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ebruary is always a poignant month for the Queen as she recalls her sadness at the premature death of her father King George VI on 6 February 1952 and spends the day in quiet contemplation at Sandringham.

   This year marks the 65th anniversary of the Coronation and to celebrate this the BBC has screened a documentary that also looks at the Crown Jewels associated with the ceremony. During the hour-long programme the Queen shares memories of both her own coronation and that of her father in 1937. On 2 June 1953, one of the coldest June days of the century and after 16 months of planning, the 27-year-old Queen set out from Buckingham Palace to be crowned at Westminster Abbey, a ritual dating back more than a thousand years. Many saw this as the dawning of a new Elizabethan age.

   2018 is the 69th anniversary of the formation of the Commonwealth, in April 1949, and George VI was thus the first head of the association. Prince Harry has expressed more than a passing interest in working within the Commonwealth; recently he became the President of African Parks in recognition of his work in conservation.

   As a guest editor on BBC Radio 4’s Today at the end of 2017 Harry used his high-profile appearance on the programme to highlight the causes most important to him. He interviewed his friend, former US President Barack Obama, at length. It was a coup for the BBC because it was the first interview Obama had given since his term of office ended.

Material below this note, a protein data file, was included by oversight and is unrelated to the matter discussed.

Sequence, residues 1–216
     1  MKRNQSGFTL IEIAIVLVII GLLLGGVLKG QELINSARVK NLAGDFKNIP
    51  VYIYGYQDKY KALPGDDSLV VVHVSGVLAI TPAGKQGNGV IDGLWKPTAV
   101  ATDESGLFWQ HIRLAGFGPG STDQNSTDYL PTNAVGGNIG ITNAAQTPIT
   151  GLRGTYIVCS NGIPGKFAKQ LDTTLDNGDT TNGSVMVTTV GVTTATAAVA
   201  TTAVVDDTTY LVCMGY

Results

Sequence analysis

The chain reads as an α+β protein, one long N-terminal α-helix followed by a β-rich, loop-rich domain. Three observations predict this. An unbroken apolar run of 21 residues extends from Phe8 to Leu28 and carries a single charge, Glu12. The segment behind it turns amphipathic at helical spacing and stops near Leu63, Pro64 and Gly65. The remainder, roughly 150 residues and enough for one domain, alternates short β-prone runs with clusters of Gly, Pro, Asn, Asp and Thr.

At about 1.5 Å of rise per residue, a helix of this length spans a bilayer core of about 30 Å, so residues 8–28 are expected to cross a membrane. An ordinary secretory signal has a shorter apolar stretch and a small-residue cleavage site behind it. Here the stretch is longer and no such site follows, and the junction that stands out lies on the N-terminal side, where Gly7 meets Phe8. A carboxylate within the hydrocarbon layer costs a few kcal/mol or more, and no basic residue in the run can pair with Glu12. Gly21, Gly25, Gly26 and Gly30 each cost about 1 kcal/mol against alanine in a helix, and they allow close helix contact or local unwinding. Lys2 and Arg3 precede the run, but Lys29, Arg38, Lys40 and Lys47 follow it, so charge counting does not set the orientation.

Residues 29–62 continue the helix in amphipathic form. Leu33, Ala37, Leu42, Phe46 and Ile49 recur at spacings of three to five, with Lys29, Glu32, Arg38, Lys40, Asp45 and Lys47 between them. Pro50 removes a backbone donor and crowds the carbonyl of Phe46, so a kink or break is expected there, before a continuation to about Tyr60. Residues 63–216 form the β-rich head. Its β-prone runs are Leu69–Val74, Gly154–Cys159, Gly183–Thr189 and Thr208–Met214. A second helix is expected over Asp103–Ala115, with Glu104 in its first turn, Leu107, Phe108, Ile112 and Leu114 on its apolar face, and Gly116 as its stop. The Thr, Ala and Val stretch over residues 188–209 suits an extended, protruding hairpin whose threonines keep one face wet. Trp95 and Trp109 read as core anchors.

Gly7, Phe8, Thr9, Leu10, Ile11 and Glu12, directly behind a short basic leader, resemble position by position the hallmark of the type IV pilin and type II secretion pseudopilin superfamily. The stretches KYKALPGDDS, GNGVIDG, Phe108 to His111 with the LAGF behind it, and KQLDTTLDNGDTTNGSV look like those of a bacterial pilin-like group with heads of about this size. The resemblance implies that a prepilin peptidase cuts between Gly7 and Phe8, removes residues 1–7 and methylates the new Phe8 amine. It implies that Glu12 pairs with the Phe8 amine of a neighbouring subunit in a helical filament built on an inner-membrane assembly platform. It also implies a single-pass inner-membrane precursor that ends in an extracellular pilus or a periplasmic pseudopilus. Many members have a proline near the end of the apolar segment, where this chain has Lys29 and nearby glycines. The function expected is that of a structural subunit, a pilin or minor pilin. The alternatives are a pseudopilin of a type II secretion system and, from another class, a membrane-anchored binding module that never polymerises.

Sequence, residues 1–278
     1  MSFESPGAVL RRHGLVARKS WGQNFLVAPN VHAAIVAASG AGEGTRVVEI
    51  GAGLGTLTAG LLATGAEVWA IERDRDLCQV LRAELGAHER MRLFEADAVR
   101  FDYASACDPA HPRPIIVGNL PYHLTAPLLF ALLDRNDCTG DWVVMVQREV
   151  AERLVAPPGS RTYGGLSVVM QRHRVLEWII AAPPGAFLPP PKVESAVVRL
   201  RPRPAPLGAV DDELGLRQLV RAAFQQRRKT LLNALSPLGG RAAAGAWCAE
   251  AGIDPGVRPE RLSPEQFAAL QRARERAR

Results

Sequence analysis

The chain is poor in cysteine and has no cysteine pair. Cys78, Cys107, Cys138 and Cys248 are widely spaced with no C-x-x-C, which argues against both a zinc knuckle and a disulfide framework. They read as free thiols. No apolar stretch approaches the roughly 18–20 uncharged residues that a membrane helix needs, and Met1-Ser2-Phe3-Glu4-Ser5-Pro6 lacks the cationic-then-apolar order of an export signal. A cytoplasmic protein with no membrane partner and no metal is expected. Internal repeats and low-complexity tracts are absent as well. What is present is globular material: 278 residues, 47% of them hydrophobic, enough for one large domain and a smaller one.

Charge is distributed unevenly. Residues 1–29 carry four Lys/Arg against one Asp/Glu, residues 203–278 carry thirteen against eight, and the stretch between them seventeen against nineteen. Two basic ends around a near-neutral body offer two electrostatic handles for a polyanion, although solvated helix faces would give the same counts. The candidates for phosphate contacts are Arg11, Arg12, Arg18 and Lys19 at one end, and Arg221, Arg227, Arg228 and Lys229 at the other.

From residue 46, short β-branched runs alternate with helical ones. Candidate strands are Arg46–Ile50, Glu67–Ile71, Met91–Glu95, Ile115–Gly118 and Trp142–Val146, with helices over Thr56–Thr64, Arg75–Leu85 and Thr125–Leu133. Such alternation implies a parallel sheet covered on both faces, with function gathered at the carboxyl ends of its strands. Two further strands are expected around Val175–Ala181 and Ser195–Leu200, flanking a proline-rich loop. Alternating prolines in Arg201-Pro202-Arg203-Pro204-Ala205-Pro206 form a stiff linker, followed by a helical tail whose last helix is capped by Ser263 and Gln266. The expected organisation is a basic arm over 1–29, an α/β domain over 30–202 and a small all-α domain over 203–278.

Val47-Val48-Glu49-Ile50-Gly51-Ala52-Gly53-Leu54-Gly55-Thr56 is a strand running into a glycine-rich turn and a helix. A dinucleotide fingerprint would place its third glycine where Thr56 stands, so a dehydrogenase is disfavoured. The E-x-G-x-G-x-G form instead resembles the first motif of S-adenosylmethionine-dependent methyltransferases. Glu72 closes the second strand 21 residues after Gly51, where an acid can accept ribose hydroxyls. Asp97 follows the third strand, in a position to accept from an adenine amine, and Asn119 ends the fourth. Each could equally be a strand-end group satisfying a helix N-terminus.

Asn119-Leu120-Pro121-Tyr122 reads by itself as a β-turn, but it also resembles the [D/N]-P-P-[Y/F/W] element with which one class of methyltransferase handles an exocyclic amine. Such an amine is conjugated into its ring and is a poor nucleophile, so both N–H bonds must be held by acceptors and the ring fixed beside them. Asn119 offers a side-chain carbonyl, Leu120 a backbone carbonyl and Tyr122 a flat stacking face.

But by far the most poignant section of the morning show was when the Prince interviewed his father. It revealed a great deal about their relationship, which of late has been portrayed as somewhat distant. Prince Charles reminisced about his early understanding of the threat of climate change and hoped people no longer thought he was ‘potty’.

   There was an obvious affection between father and son, which, given Prince Harry’s popularity, can only serve to make people understand that Charles is not without huge compassion nor as ‘uncool’ as he likes to portray himself.

   Harry addressed his father as ‘Pa’, while Charles said he had probably bored his son to tears for years about issues such as working in greater harmony with nature. Harry admitted to his father that he had listened to what he said, adding: ‘I end up picking your brains more now than I have ever done. Coming from a younger generation it is incredibly exciting and I feel optimistic about the future for now is a real test – a real test for humanity to be able to swing the pendulum.’

   ‘Well, darling boy, it makes me very proud to think that you understand,’ the Prince of Wales replied. Harry, being the interviewer, had the last word: ‘And that I am listening!’

   More father-and-son togetherness will highlight their pet causes and this double act works beautifully. I hope – and believe – we will see more of this in 2018.


 
 
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